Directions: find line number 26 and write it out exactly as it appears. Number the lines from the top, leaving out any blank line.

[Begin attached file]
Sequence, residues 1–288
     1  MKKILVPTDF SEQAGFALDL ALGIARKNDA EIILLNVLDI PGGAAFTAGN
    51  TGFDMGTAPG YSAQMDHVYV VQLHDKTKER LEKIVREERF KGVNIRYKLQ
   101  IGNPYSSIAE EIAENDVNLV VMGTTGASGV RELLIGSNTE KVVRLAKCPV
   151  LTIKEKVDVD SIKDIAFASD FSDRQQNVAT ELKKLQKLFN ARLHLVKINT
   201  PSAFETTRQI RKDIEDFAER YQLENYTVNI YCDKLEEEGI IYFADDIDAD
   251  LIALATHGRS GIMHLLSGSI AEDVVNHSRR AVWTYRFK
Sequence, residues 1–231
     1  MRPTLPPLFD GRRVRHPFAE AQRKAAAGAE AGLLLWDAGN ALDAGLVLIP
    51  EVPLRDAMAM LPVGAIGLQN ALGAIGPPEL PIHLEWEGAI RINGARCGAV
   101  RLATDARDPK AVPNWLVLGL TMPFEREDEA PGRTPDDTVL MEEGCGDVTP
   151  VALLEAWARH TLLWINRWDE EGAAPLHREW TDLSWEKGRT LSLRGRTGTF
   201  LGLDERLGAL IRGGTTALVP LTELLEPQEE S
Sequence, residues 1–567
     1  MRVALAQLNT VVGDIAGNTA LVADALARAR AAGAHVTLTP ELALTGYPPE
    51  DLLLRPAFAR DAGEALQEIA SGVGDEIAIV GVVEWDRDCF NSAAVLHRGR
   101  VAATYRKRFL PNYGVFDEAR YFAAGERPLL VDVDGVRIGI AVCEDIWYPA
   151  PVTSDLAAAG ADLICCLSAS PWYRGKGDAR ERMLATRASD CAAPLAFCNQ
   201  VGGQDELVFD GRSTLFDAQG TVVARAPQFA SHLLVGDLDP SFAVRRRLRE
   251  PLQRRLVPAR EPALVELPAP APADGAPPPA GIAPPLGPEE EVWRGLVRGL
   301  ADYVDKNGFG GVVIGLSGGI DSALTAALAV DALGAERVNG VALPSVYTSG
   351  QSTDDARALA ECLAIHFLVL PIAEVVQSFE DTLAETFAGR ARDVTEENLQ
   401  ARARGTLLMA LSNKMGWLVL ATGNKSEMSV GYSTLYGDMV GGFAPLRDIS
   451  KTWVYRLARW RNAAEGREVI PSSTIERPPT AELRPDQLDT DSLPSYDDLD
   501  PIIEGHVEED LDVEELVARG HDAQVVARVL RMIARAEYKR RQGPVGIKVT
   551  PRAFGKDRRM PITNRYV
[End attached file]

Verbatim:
   551  PRAFGKDRRM PITNRYV